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Testing for the presence of drugs in Lubbock usually involves a blood test. Typically, the officer would either ask for a voluntary consent under the statutory warnings or get a search warrant if there was refusal from the person.
The blood test is then delivered to the local DPS regional lab in Lubbock. That lab is only going to measure the blood for blood alcohol content.
The DPS regulations claim that if a blood test shows a 0.12 blood alcohol concentration (BAC) or above, that would be the end of the test unless it was specifically requested by the prosecution in a case like an intoxicated assault or intoxicated manslaughter. If the test comes back in under 0.12 or no alcohol, then that lab test is taken from the DPS lab in Lubbock and sent to the Austin Lab of DPS, which tests for drugs.
While this is occurring, a drug DUI attorney should be consulted as soon as possible to begin mitigating the damage and building a defense.
Testing for the Presence of Drugs in Lubbock
Typically there will be a five-panel test that will include a THC or a marijuana test, a benzoid (sleeping tab) test, an opioid test, and a couple other tests for drugs like methamphetamines or amphetamines. Synthetic drugs can also be tested, but the five-panel tests include the aforementioned drugs because they are the most common drugs when talking about intoxication.
Testing out of the DPS Austin lab is also common. There have been cases where samples have been sent to an independent lab like NMS lab in Pennsylvania or to a private lab in Tennessee. There have been cases where the Austin lab tests for THC in marijuana and then sends the blood out to one of the private out-of-state labs to test for other drugs. If that is the case, one of the big issues is challenging every lab result. If there is a situation where a test is sent out of Lubbock, the other data from other state labs would also have to be questioned by an attorney.
DUID Test Refusal
The implied consent law applies to alcohol and drugs as well. If a police officer makes an arrest and reads the statutory warning, then the individual is arrested and has the right to refuse to give a test. If they refuse to get the test, there are driver’s license issues. An officer can also get a search warrant to administer tests.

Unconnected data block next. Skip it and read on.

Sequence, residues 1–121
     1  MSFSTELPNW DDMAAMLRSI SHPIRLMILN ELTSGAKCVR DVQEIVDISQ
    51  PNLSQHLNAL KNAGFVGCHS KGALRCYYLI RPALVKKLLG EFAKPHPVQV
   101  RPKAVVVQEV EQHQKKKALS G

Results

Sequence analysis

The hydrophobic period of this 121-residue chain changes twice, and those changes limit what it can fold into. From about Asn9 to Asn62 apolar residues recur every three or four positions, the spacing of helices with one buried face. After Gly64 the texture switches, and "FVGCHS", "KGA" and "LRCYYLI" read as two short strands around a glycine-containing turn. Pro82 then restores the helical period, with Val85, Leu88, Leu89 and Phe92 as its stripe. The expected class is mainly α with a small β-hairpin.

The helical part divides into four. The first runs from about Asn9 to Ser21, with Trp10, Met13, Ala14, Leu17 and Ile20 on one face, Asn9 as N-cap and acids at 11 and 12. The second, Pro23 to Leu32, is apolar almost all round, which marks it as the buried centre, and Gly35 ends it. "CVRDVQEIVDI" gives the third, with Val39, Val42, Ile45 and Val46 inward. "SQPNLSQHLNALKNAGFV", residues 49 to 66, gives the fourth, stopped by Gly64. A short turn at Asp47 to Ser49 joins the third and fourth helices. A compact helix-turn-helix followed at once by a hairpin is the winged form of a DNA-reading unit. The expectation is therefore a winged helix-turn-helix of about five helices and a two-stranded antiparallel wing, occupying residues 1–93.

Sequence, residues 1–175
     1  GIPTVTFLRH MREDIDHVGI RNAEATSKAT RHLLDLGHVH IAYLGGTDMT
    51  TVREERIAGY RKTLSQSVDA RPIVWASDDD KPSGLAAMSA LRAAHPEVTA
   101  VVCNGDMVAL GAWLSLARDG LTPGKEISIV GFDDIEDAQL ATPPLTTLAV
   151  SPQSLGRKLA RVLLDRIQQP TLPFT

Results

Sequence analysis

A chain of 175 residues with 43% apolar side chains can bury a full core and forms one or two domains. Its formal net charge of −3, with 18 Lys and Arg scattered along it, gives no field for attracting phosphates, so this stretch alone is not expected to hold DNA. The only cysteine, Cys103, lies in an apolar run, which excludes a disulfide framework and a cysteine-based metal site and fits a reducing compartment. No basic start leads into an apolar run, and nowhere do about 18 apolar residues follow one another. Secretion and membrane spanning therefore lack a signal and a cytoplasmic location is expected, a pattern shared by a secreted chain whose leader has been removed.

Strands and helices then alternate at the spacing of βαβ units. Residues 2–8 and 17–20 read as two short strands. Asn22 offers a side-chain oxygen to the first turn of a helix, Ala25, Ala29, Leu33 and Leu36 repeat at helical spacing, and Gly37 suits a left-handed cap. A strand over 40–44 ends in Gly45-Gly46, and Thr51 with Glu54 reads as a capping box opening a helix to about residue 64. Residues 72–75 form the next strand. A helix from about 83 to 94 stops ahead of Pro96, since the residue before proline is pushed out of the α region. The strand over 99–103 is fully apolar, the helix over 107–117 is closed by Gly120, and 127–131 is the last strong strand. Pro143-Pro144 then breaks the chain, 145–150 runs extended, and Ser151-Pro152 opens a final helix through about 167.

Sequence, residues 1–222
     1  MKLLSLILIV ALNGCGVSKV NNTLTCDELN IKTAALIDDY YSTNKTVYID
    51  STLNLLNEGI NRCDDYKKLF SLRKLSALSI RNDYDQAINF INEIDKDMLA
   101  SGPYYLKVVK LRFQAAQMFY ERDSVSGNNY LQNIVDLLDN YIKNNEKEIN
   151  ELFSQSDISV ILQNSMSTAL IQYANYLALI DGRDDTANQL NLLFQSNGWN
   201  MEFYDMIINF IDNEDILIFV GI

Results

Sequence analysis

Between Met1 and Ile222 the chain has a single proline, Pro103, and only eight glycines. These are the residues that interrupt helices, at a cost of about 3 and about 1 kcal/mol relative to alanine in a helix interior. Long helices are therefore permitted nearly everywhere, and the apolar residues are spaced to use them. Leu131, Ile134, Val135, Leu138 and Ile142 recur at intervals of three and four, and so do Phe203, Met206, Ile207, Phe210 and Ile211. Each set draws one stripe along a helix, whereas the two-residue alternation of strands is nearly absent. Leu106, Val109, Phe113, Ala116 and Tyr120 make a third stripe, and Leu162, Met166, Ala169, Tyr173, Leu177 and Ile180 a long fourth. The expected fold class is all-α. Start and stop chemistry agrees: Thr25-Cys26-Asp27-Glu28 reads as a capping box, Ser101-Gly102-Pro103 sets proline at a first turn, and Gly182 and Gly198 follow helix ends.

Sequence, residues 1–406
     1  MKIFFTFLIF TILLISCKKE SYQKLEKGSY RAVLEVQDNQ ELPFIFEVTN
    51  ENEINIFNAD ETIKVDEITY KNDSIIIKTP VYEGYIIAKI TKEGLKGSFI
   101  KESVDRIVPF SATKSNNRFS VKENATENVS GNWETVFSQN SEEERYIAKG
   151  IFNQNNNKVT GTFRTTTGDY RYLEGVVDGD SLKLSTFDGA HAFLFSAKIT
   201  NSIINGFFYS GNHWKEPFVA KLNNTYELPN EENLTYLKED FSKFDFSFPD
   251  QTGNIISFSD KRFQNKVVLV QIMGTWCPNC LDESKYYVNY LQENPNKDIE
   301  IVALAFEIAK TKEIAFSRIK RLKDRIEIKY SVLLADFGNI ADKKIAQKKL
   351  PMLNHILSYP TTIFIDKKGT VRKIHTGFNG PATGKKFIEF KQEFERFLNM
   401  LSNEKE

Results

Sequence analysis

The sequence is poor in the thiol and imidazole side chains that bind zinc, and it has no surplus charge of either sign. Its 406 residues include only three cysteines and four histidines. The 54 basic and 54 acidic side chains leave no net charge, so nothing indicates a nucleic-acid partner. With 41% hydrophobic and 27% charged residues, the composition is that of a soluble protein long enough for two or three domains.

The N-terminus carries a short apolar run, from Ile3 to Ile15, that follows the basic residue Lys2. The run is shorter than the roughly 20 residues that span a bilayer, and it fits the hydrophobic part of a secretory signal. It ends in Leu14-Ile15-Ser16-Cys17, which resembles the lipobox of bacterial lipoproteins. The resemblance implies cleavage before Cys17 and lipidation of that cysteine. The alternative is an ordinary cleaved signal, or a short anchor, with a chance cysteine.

If they obtain a search warrant then they can draw the blood over the objection of the individual, but it is legal to refuse. It is encouraged to refuse a test if a person has a substantial amount of alcohol in their system.
However, refusing tests is different when it comes to drugs. If a person has no alcohol in their system, but they find drugs, they might be guilty of a criminal offense of driving while intoxicated, but there is no consequence in the administrative action.
An Administrative License Revocation (ALR) can occur to a person with a blood alcohol concentration of 0.08 or above if they are over 21. If someone gives a blood test and their alcohol concentration is 0.079999, they will not have their license suspended administratively.
If a person consents to a blood test and has marijuana in their system, it will not matter because there is no immediate administrative penalty. Refusing a blood test can be beneficial because an officer might obtain a search warrant, which can later be challenged.
Impact of Testing at Trial
Each time there is a trial, the lab technicians that tested the blood would have to come and testify. In Texas, there is a statute that allows the chemist to sign an affidavit to say that they did the test correctly, that they are certified to do it, and then the tests could be introduced into evidence, but that has to be filed with the trial court at least 20 days before a trial and the defense has 10 days after that to object to the evidence.
The person that tested the blood is almost always present during a trial. A person never wants to concede and not have the agency show up with their technician because there are reasons to bring them.
First, if the technician does not show up, the case may not be admissible to get into court. Second, a person can challenge the credibility of the individual that tested their blood. And three, the lab technician may not have the qualifications to testify if there are drugs in a person’s system that made the person lose the normal use of the mental or physical faculties.
Consult an attorney for more information regarding Lubbock DUI drug testing procedures and how they are used in court.